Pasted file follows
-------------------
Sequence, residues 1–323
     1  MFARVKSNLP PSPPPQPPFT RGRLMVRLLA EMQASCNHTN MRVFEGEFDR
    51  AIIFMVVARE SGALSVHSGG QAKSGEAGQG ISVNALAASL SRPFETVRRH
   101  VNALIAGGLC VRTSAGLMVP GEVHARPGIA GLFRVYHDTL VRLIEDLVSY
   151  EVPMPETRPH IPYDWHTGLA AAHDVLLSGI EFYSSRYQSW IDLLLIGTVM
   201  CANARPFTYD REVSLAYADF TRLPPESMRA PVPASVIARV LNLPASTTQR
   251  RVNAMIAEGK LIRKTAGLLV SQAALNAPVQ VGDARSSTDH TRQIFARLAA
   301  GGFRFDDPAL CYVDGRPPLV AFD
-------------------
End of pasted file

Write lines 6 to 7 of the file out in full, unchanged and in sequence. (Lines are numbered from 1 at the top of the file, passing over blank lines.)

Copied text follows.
   201  CANARPFTYD REVSLAYADF TRLPPESMRA PVPASVIARV LNLPASTTQR
   251  RVNAMIAEGK LIRKTAGLLV SQAALNAPVQ VGDARSSTDH TRQIFARLAA